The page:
Addressing these risks is an economic and societal imperative. At the same time, it presents opportunities. Climate-smart investments in efficient, clean infrastructure, clean energy, resilient agriculture, and water resources offer stable, attractive returns for investors and communities when the conditions are right.

This week, I was in Lima at the Peruvian government’s Climate Finance Week and found many reasons to be optimistic that we can turn the climate challenge into an economic opportunity.  This blog post shares some key themes that I took away from the event.

3 challenges Latin American economies must overcome to boost intraregional trade

Anabel Gonzalez's picture

В условиях резкого падения цен на нефть настало время вернуться к вопросам управления сырьевыми доходами. Любой кризис открывает новые возможности, и не стоит их упускать. Именно в кризисные времена политики ясно осознают свои прошлые ошибки и сетуют по поводу недостаточной диверсификации экономики за счет развития ненефтяных отраслей.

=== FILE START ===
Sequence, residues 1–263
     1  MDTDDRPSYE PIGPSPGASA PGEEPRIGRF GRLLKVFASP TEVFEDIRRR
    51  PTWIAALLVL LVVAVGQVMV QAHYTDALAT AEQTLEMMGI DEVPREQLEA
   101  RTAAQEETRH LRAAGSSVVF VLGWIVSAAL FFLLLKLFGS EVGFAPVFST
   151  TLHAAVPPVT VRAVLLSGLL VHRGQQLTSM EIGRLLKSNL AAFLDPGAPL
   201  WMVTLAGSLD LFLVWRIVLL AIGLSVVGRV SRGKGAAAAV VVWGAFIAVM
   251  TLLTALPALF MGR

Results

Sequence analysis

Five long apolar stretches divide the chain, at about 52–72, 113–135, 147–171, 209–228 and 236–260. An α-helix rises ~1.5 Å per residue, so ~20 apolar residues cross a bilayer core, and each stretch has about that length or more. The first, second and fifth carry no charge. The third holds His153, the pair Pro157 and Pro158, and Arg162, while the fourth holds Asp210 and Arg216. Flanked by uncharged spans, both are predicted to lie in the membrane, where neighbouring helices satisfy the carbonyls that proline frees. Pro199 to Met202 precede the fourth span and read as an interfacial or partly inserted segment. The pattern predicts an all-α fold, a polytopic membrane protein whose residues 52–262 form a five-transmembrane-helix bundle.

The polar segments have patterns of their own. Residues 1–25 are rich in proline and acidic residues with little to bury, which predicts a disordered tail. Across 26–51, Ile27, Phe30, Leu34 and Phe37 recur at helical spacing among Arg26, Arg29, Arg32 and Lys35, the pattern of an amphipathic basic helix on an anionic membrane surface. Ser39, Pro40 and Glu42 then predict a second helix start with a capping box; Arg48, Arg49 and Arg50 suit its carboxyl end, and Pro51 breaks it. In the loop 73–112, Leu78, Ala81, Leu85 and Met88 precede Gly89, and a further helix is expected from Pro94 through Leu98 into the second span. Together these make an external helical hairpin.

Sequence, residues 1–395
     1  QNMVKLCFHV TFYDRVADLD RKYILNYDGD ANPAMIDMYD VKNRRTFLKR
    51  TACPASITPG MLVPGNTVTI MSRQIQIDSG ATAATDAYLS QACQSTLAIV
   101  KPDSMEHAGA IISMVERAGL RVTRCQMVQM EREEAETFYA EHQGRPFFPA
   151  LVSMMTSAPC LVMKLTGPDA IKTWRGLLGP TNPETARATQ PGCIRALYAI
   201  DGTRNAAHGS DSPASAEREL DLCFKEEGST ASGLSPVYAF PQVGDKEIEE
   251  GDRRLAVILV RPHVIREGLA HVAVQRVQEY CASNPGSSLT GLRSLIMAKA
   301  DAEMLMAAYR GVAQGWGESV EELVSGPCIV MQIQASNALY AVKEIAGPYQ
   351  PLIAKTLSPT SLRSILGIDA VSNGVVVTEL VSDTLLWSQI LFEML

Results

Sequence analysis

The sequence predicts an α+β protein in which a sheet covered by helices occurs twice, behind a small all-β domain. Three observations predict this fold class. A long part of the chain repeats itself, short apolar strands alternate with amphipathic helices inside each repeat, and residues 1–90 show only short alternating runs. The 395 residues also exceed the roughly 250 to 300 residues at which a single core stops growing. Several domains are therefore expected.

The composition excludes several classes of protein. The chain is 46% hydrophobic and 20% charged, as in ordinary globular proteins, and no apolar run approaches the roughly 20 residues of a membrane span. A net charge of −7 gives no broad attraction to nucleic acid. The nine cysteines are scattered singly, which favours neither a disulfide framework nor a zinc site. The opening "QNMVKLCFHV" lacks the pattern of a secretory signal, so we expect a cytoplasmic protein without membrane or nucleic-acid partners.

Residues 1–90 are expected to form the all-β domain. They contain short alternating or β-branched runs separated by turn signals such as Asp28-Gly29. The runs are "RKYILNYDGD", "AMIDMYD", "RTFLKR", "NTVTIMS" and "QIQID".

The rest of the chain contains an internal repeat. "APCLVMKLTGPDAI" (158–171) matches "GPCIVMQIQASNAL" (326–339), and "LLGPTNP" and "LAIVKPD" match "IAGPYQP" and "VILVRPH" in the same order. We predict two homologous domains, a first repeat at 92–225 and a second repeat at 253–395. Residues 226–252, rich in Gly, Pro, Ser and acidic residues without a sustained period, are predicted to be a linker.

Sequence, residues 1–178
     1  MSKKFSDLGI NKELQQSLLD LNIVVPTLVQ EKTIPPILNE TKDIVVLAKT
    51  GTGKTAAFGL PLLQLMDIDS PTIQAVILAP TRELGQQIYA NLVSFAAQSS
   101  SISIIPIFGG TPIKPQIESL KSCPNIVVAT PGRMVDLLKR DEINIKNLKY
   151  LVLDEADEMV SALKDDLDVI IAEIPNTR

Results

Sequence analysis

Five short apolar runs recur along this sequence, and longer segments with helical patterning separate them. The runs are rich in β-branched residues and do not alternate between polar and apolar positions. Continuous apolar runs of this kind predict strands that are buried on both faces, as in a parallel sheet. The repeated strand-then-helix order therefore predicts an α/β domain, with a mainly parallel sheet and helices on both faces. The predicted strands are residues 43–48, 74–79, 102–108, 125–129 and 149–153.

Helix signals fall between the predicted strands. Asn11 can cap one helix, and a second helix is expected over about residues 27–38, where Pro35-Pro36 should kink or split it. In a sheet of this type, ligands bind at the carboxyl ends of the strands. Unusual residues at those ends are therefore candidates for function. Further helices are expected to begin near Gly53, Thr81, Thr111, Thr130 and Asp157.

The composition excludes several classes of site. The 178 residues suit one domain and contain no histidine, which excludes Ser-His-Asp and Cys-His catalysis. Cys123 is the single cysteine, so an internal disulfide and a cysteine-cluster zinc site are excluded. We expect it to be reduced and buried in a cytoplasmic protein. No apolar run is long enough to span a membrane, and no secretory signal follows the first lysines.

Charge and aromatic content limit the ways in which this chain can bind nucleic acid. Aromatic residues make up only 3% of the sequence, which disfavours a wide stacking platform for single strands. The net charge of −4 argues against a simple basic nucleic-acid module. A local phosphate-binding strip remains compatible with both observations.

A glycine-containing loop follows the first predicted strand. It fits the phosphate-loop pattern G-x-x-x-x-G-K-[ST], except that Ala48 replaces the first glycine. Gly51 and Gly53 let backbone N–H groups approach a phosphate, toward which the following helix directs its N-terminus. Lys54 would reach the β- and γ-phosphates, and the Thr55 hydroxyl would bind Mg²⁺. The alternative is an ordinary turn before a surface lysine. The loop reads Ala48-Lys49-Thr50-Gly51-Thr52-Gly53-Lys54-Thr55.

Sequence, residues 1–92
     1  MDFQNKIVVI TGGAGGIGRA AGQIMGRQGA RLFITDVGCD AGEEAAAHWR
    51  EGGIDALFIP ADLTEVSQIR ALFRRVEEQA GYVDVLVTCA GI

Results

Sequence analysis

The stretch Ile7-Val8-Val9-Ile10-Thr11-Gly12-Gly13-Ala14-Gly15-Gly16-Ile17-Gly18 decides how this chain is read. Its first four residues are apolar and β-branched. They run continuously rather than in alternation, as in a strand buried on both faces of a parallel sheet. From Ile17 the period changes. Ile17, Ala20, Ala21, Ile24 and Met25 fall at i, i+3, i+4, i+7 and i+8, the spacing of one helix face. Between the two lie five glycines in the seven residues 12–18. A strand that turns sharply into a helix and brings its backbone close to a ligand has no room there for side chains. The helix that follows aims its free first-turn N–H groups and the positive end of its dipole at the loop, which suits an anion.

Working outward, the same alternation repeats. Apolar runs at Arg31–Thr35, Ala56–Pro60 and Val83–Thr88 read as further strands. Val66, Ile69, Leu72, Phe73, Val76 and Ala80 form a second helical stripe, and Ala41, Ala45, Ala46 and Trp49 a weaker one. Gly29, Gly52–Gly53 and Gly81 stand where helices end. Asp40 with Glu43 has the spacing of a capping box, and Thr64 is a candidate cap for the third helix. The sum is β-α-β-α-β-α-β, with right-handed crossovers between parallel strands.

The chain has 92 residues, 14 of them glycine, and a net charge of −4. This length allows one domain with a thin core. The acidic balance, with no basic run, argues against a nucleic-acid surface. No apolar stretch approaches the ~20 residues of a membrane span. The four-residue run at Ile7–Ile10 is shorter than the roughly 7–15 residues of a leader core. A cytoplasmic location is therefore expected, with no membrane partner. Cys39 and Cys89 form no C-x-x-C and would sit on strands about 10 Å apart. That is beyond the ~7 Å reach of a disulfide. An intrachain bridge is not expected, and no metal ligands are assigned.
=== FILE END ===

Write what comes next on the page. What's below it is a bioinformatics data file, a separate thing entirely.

How to speed up commercial cases in Bosnia and Herzegovina

Georgia Harley's picture



The impact of climate change on hydrology and other natural resources, and on many sectors of African economies—from agriculture to transport, to energy—has been widely researched and discussed. But its effect on marine fisheries, an important economic sector and significant source of food for large numbers of people in Africa, is less well understood.

First, what is known?

Climate change leads to rising sea temperatures, making fish stocks migrate toward colder waters away from equatorial latitudes, and contributing to shrinking fish sizes. It also influences the abundance, migratory patterns, and mortality rates of wild fish stocks.